8 Expressions with the Word Quick
The English word quick is related to Latin vivus, “alive.”
The version of the Apostle’s Creed I grew up with contains this sentence: “Thence He shall come to judge the quick and the dead.” The line echoes 1 Peter 4:5 (KJV): ‘Who shall give account to him that is ready to judge the quick and the dead.” The “quick and the dead” are the “living and the dead.”
When a fetus begins to move in the womb, it is said to quicken, that is, “show signs of life.”
Because motion is an attribute of being alive, quick has come to have the additional meaning of “rapidity of movement.”
The OED entry for quick offers numerous definitions, but this post is limited to eight idioms that employ the word in its senses of “living” and “rapid.”
In the 1920s, quickie was Hollywood slang for a Grade B movie because such a film was made quickly, often in a few days. By the 1930s, the term was being used to mean “a quick act of coitus.” Nowadays, the sexual connotation seems to be the most common for the noun, but attributively, the word quickie is used to indicate that something took place quickly or was of brief duration, for example, “a quickie divorce,” “a quickie interview,” “a quickie nap,” etc.
2. quick and dirty
The OED entry shows that quick-and-dirty was in use at the turn of the 19th century in reference to a restaurant or diner that served cheap, quick meals: “I was far too proud to ever think of becoming a house maid or a waitress in one of those quick and dirty lunch places” (1896).
In modern usage, the phrase means “done or produced hastily but effectively; makeshift”—a meaning similar to that of “jerry-rigged.”
3. quick fix
Although in use in the 1960s, the expression’s popularity began to rise in the 1980s. A “quick fix” is “a quick and easy remedy or solution.” Such a remedy is often expedient but temporary and fails to address underlying problems.
4. quick on the draw
The stereotype of the Western gunslinger is that of a man who could draw his gun from its holster instantly. Another idiom that references the quickness of the gunslinger is “quick on the trigger.” Both mean “quick to act or react.”
Quicksand is a bed of sand usually saturated with water. Because it is semi-liquid, it tends to suck down objects that rest on its surface. The name derives from the fact that the bed shifts as if it were alive and breathing.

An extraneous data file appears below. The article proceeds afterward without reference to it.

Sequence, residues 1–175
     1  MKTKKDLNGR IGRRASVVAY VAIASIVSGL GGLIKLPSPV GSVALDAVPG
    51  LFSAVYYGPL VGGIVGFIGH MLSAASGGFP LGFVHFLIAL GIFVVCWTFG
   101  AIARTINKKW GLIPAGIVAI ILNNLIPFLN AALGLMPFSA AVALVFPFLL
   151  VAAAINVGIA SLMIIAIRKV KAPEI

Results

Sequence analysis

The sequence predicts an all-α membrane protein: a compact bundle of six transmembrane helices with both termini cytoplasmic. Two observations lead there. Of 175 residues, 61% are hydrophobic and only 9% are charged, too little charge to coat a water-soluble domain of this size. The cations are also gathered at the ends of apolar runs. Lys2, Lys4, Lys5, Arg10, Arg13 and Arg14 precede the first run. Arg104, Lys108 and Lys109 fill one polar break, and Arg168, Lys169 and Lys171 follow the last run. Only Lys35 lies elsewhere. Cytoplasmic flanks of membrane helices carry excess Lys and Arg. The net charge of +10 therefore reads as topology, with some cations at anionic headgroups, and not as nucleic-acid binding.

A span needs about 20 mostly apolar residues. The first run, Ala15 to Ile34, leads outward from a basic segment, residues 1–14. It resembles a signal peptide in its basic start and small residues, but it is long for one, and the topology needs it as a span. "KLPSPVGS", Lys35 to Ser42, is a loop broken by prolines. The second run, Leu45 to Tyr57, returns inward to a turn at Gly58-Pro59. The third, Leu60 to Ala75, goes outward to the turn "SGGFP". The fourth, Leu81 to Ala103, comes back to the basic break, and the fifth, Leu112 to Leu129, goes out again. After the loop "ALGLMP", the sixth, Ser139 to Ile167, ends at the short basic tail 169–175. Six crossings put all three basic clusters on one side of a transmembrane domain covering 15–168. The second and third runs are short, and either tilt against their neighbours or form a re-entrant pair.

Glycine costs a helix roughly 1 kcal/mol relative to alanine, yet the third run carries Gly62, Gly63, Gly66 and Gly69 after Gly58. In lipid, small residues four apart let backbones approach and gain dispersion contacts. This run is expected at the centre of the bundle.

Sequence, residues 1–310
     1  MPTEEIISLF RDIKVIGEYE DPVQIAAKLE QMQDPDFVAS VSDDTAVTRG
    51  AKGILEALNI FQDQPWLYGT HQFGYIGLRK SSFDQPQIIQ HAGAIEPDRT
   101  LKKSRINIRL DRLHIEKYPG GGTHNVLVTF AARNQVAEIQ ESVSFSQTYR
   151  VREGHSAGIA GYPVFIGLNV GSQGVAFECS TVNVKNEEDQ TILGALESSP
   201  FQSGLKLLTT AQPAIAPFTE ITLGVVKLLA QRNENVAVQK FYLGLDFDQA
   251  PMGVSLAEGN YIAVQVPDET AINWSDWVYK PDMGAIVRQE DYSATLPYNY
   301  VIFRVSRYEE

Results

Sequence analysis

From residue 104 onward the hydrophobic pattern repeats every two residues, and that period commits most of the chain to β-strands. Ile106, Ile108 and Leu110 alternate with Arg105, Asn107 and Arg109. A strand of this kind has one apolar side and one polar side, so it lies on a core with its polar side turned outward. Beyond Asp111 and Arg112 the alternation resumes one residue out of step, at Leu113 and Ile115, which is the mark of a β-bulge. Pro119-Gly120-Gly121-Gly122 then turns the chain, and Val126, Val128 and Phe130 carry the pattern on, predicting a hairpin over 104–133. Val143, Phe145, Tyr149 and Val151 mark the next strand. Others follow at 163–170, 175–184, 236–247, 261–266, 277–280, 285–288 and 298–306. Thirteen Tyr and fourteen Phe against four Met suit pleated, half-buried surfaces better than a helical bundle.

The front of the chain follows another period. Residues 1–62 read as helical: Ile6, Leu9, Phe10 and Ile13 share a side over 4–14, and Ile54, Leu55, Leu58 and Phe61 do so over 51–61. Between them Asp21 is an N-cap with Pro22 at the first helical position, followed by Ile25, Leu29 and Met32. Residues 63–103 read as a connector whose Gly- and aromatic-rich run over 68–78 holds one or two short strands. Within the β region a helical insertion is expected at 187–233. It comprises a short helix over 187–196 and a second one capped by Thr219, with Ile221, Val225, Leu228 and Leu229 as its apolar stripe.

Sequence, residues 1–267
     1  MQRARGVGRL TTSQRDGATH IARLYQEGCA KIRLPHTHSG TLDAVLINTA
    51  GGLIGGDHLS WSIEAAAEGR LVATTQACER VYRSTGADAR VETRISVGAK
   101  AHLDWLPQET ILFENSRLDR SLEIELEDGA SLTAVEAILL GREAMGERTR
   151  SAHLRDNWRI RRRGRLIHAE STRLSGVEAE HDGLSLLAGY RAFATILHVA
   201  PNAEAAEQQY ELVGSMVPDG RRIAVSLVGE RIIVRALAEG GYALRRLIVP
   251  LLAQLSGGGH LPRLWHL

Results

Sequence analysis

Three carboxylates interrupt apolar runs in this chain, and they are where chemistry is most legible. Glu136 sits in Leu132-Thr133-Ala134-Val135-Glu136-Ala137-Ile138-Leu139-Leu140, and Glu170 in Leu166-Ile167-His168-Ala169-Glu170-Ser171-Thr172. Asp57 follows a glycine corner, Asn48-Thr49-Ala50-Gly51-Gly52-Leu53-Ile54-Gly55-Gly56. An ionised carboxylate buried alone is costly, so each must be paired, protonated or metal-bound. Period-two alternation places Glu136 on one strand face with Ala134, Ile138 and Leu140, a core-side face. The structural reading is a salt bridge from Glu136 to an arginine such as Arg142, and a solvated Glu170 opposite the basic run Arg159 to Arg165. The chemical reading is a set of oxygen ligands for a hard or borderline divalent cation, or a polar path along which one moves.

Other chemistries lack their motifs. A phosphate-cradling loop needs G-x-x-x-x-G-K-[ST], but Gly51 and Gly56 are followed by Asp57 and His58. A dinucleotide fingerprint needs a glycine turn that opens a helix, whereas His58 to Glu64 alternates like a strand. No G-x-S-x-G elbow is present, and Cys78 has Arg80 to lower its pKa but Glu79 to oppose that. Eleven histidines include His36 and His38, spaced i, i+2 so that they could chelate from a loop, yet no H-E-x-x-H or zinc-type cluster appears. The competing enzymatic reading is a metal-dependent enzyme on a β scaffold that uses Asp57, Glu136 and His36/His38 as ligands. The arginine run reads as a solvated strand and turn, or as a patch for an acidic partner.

Figuratively, quicksand implies something treacherous, dangerous, and difficult to get out of. For example: “It may be the only policy that can save us, long-term, from sinking into the quicksand of endless war and bankruptcy or nuclear Armageddon.”
Stories set in the English countryside frequently include mention of quickset. Farmers separate fields with fences and hedges. Fences are made of dead wood. Quickset is a living hedge. Plants with thorns are preferred for this use, usually hawthorn.
Anyone who has ever broken a thermometer and played with mercury can understand why the element is also known as quicksilver. Shiny silver in appearance, the substance moves as if it were alive.
Figuratively, quicksilver is used in the sense of very fast or mercurial. It’s often used as an adjective. For example, “Colbert was as quicksilver with his wit as Fred [Astaire] was with his feet.”
8. cut to the quick
If in trimming your nails you cut too far, the pain informs you that you have cut yourself “to the quick.” This quick is the flesh below the nails or skin that hurts when it is cut. Figuratively, this kind of quick represents the essence of one’s being. The expression “to be cut to the quick” means, “to be deeply hurt.” For example, “His remark cut her to the quick.”
Recommended For You
Subscribe to Receive our Articles and Exercises via Email
- You will improve your English in only 5 minutes per day, guaranteed!
- Subscribers get access to our exercise archives, writing courses, writing jobs and much more!
- You'll also get three bonus ebooks completely free!
2 Responses to “8 Expressions with the Word Quick”
Interesting. The definition related to being alive by association with movement is present in the English common law where a “quick child” was one in the womb that had begun to move or “kick”. It relates, interestingly enough, to traditional notions about abortion of pregnancies with the general “dividing line” being whether or not the child in the womb had “become quick”: before, okay; afterward, not okay. The term is still used and relevant to issues like liability for the death of a fetus or unborn child in civil and criminal contexts.
Great little post! I didn’t know of the use of quick to mean living.